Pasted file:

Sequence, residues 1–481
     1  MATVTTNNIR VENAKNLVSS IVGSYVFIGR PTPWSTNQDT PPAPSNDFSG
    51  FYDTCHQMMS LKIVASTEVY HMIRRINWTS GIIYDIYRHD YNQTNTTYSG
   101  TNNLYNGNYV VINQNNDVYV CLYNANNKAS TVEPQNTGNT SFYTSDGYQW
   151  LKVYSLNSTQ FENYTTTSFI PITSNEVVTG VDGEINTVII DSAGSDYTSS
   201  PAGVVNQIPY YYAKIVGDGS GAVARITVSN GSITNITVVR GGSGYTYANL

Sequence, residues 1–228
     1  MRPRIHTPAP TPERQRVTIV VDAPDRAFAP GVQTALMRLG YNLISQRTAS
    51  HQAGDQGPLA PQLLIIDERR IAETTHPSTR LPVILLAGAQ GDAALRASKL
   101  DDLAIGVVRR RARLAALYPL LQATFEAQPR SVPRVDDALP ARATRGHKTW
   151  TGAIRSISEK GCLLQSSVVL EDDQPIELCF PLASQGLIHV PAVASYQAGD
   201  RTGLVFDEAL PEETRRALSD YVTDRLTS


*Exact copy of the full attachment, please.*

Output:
Sequence, residues 1–481
     1  MATVTTNNIR VENAKNLVSS IVGSYVFIGR PTPWSTNQDT PPAPSNDFSG
    51  FYDTCHQMMS LKIVASTEVY HMIRRINWTS GIIYDIYRHD YNQTNTTYSG
   101  TNNLYNGNYV VINQNNDVYV CLYNANNKAS TVEPQNTGNT SFYTSDGYQW
   151  LKVYSLNSTQ FENYTTTSFI PITSNEVVTG VDGEINTVII DSAGSDYTSS
   201  PAGVVNQIPY YYAKIVGDGS GAVARITVSN GSITNITVVR GGSGYTYANL

Sequence, residues 1–228
     1  MRPRIHTPAP TPERQRVTIV VDAPDRAFAP GVQTALMRLG YNLISQRTAS
    51  HQAGDQGPLA PQLLIIDERR IAETTHPSTR LPVILLAGAQ GDAALRASKL
   101  DDLAIGVVRR RARLAALYPL LQATFEAQPR SVPRVDDALP ARATRGHKTW
   151  TGAIRSISEK GCLLQSSVVL EDDQPIELCF PLASQGLIHV PAVASYQAGD
   201  RTGLVFDEAL PEETRRALSD YVTDRLTS